Conjunctive adverbs are a crucial component of English grammar that can help you create coherent and connected sentences. These adverbs function as both conjunctions and adverbs, providing information about the relationship between two clauses or sentences. In this article, we’ll delve into the world of conjunctive adverbs, exploring their different types, functions, and usage. Get ready to take your writing to the next level!
What Is a Conjunctive Adverb?
Conjunctive adverbs are adverbs that are used to either tie two independent clauses together or interrupt a single main clause. By using conjunctive adverbs, one can allow for the smooth transition from one idea to another, even if these ideas conflict.
They explain the connection that these ideas have to each other: whether or not they work together, conflict, occur simultaneously or occur one after the other in a specific sequence of events may determine which conjunctive adverb will properly convey the sentence’s meaning.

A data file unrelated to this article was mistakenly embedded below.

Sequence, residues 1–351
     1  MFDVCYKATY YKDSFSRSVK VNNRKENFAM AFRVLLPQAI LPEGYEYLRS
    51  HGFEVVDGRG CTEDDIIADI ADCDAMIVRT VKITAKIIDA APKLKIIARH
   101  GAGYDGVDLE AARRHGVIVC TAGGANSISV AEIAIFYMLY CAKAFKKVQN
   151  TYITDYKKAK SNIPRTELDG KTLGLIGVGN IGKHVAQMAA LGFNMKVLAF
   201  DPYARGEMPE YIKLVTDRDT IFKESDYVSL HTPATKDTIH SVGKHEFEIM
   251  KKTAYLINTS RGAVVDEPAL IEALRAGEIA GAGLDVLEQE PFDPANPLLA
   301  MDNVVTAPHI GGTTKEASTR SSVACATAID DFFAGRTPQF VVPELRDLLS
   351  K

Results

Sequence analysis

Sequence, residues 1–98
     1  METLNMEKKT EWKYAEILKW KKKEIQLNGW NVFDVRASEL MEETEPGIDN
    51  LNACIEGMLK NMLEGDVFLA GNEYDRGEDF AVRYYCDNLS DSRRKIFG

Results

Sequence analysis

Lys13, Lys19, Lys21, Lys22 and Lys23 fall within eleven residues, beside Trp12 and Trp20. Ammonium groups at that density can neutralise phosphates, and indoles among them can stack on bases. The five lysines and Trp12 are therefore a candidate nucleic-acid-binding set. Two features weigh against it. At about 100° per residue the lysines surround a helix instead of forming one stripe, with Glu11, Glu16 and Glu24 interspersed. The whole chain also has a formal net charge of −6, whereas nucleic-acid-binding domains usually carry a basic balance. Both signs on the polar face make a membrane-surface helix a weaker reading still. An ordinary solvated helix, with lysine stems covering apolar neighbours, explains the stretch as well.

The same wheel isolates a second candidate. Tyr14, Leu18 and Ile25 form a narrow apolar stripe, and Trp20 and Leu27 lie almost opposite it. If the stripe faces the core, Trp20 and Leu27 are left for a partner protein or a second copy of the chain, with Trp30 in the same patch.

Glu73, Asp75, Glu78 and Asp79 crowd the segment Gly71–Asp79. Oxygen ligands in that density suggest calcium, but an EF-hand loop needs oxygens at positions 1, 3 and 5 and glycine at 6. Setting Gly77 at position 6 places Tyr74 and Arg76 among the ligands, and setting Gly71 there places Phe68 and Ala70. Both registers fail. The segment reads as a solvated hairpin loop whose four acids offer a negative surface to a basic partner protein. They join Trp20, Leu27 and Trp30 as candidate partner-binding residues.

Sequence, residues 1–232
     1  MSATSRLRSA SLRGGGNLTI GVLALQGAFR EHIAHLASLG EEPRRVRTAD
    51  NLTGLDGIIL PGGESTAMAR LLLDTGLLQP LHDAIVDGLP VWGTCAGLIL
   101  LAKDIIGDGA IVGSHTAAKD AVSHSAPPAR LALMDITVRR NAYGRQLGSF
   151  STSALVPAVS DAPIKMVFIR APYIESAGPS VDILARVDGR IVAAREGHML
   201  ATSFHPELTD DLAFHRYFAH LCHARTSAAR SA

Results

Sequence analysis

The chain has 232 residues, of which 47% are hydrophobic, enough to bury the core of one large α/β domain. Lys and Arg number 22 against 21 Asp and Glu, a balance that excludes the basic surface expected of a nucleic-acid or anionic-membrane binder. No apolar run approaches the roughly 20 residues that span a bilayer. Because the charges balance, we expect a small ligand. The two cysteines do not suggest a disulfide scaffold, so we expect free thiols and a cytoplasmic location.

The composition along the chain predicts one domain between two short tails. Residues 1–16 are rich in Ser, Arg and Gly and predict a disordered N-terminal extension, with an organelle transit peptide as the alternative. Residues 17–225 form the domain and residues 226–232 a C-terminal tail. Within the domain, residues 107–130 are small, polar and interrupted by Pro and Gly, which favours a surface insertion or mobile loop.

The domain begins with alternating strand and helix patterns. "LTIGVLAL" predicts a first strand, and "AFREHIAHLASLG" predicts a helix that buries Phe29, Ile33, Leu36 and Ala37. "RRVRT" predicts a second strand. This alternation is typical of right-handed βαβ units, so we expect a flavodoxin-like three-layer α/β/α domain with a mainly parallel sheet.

Some common conjunctive adverbs include:
How Are Conjunctive Adverbs Used?
There are two major scenarios where you may find yourself using conjunctive adverbs: when connecting two main clauses, and when interrupting or introducing a single clause.
Connecting two main clauses into a single sentence
In this situation, the conjunctive adverb is used as a way to flow smoothly from one idea to another in a single sentence. When using conjunctive adverbs in this scenario, a semicolon is utilized to separate the two ideas. Consider the following ideas or clauses:
- I woke up late for school and had to rush out the door. I didn’t eat breakfast.
Then consider the implied meaning behind these clauses: “If I hadn’t woken up late for school, I would have eaten breakfast,” or, “I would have eaten breakfast had I not woken up late for school.” In order to tie these thoughts together smoothly while still maintaining the two clauses’ independent meanings, consider the following use of a conjunctive adverb:
=> I woke up late for school and had to rush out the door; otherwise, I would have taken the time to eat breakfast.